A Chilling Hypothesis While some have raised skepticism at the idea that the regime would have an incentive in conducting such an attack, Brian Whitaker draws an analogy with Saddam’s strategy to gas Kurdish villages in 1987.
Rush to Western Strike on Syria Slows, but Does Not Stall Following the news that the US intelligence services intercepted calls of panicked officials following the chemical weapons attack, Juan Cole writes: “The intercept would be consistent with local Baath chem warfare units routinely mixing a little deadly sarin gas into crowd control gas, killing small numbers of rebels with each deployment, but in this case making an error and getting the mix wrong.”
Don’t Expect Iran to Fight for Assad Meir Javedanfar argues that “Arak, the site of Iran’s heavy water reactor, as well as Iran’s other nuclear installations at Natanz and Fordo would become dangerously exposed to a potential future attack if Iran goes into war against the United States to protect Syrian President Bashar al-Assad.”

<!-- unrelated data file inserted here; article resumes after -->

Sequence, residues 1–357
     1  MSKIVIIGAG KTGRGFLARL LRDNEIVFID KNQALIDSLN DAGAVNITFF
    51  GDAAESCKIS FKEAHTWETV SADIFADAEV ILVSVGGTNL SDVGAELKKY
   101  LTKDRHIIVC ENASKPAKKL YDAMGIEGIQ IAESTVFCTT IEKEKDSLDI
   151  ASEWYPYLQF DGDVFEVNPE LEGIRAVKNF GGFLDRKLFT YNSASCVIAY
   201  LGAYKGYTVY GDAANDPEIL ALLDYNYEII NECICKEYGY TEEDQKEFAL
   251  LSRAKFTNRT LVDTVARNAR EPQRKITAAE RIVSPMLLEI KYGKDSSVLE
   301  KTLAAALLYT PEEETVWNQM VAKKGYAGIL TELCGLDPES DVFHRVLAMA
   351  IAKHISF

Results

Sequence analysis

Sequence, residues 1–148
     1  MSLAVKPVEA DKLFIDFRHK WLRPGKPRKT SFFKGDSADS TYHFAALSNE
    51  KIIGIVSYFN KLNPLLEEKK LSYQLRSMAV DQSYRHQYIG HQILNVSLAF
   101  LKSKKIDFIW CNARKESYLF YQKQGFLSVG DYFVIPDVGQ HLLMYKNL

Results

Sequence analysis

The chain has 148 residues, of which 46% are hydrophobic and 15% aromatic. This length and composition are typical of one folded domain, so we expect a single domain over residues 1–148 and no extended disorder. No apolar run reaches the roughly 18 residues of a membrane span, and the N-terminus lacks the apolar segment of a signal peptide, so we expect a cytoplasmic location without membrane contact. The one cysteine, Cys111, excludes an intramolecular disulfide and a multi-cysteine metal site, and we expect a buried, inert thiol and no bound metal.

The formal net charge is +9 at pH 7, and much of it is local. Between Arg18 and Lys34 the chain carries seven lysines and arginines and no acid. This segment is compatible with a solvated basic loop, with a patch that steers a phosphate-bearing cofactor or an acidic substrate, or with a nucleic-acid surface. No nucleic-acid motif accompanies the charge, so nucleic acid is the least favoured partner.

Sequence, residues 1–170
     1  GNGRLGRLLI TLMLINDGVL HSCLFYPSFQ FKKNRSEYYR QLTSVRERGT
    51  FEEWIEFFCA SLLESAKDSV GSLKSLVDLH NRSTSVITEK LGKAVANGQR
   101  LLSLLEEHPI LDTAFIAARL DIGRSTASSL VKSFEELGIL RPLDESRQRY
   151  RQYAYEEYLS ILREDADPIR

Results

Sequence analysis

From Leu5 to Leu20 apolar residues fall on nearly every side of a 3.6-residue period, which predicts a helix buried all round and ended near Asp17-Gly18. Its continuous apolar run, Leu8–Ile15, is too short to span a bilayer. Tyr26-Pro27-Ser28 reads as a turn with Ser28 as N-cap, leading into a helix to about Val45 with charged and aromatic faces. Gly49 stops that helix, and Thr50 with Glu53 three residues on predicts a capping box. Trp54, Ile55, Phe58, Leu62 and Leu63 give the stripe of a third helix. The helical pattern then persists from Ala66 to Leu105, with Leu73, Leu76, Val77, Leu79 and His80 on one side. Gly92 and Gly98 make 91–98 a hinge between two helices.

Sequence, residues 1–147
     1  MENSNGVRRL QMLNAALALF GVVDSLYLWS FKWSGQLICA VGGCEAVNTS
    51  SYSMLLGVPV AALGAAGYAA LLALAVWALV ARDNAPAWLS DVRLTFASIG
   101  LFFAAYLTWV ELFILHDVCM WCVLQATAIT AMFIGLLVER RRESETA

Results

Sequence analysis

US Missile Strikes Could do More Damage Than West Had Believed Peter Beaumont argues that limited strikes would do much damage to “war-weary troops” and their ageing equipment.
Policy, Reports and Statements
Syria Statement The International Crisis Group says “quite apart from talk of outrage, deterrence and restoring U.S. credibility, the priority must be the welfare of the Syrian people. Whether or not military strikes are ordered, this only can be achieved through imposition of a sustained ceasefire and widely accepted political transition.”
Military Strikes in Syria Cannot Bring Justice Amnesty International releases this statement.
Did President’s Son Hafez Assad Post Anti-U.S. Facebook Rant? His virtual identity cannot be confirmed, but many children and grandchildren of Syrian officials have commented on a daring status update from the alleged 11-year old.
Some US Troops Appear to be Posting Photos in Protest of Syrian Intervention “The posters are essentially saying that they didn`t join the military "to fight for al Qaeda in a Syrian civil war."